The headlines say Gov. Brown is Catholic. He says he's not sure what that means.
Nearly every headline story about California’s new law allowing assisted suicide (except the CWN story) mentioned that Governor Jerry Brown, who signed the legislation into law, was raised as a Catholic and once studied as a Jesuit seminarian.
Why is that information relevant? The editors and headline writers seem anxious to let us know that even a Catholic can accept the arguments for choosing suicide. But that approach is disingenuous, since throughout his political career, Brown has opposed the Catholic stand on virtually every major question involving respect for human life. In fact his opposition to Catholic teaching on these issues has been so pronounced, one might wonder whether Brown still thinks of himself as a Catholic.
Oh, wait. There’s no need to wonder. The Sacramento Bee asked the governor precisely that question, earlier this year: “Are you a Catholic?” He answered with a question: “What does that mean, by the way?”
Governor Brown isn’t sure whether or not he’s a Catholic. So it’s all the more remarkable how many headline writers think he is, and want the world to know.
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Posted by: AgnesDay -
Jul. 11, 2016 4:43 PM ET USA
There was a day when someone asked me if I were Catholic, that shame would force me to say, "Yes. But a bad one." Mayor Kenney, take heed. God cares not a whit for your mayoral opinions of His Law.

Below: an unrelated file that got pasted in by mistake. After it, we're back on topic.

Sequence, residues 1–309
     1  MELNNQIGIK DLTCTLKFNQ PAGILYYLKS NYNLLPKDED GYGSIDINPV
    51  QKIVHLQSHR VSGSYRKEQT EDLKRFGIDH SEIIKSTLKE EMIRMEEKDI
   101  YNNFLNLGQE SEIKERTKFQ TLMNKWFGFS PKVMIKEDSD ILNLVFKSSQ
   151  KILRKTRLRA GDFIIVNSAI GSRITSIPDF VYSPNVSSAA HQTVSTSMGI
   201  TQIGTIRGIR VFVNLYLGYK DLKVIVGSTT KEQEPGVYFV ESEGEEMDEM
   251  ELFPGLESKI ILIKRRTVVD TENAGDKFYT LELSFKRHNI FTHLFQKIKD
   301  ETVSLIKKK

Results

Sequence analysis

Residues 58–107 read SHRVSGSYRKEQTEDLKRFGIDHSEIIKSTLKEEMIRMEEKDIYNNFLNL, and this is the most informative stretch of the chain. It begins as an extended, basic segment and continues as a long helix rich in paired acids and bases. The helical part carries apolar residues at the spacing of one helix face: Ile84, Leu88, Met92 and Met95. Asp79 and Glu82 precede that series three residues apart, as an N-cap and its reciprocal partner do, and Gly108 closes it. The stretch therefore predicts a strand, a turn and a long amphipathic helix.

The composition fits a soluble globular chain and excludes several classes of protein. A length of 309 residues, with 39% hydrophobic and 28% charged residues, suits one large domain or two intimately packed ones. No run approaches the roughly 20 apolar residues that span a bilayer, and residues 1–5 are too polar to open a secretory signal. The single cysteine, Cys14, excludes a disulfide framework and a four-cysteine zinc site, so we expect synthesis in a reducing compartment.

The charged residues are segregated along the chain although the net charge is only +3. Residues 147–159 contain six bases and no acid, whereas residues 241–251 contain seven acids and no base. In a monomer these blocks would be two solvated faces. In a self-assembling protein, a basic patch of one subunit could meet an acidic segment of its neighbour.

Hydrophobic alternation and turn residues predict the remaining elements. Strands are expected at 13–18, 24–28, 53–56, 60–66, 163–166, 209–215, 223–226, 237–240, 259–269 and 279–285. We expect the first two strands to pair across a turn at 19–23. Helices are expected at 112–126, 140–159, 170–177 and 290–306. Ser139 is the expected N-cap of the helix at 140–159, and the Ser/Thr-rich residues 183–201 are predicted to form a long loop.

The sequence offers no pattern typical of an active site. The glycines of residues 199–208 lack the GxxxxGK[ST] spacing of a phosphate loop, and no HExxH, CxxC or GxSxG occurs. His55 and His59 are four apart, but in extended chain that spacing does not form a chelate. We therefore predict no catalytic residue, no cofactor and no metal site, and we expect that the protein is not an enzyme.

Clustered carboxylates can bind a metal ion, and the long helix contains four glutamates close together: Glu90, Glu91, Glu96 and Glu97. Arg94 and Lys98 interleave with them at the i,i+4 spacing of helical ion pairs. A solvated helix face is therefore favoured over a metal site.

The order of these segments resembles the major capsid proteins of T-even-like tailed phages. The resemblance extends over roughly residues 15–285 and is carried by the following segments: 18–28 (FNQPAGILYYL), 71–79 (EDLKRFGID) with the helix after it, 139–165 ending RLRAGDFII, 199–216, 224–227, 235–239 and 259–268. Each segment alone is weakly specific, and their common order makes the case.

Posted by: feedback -
Jul. 09, 2016 11:34 AM ET USA
The quick rise of Cupich from obscurity to prominence is a mystery. It seems that nobody in the Vatican bothers to consult with the priests and pastors who are directly exposed to his peculiar style of governance. In Chicago, Cupich is known as being generally inaccessible to his clergy.
Posted by: Randal Mandock -
Jul. 09, 2016 10:05 AM ET USA
"...who identifies himself as a Catholic." Well said, Phil. Against all reason the millions who vote for those intent on destroying the Church hold themselves up as their own gods. "Better to reign in hell than serve in heaven." The repercussions of "Who am I to judge?" will continue to echo through the political corridors that rule those who identify themselves as Catholic, but who do not live, speak, or listen as Catholic. Catholicism is a disciplined way of life as much as a service to God.
Posted by: shrink -
Jul. 09, 2016 9:15 AM ET USA
Hearing a farewell instead of an apology betrays a deep shamelessness in the speaker, and those who lack shame have come to terms with evil. Recall Cdl Levada's att-a-boy send-off of Santa Rosa Bp Ziemann. Z was sent away in 1999 for sexual extortion. Levada joined “friends throughout California and beyond in thanking him (Z) for the energy and gifts he has shared far and wide. Our prayers and good wishes go with him.” Good wishes, indeed, since reports emerged that Levada gave Z legal cover.
Posted by: Randal Mandock -
Oct. 10, 2015 10:42 PM ET USA
I think that Jerry's question is very relevant in the modern Catholic culture of the West. On the one hand, we have the New Age nuns who seem to be tight with Pope Francis. Then there are the Catholic politicians who claim to be more Catholic than the pope (e.g., Nancy). Then there are the SSPXers who too claim to be more Catholic than the pope. Then there are the cafeteria Catholics. Then there are the orthodox Catholics, some of whom prefer the Extraordinary to the Ordinary...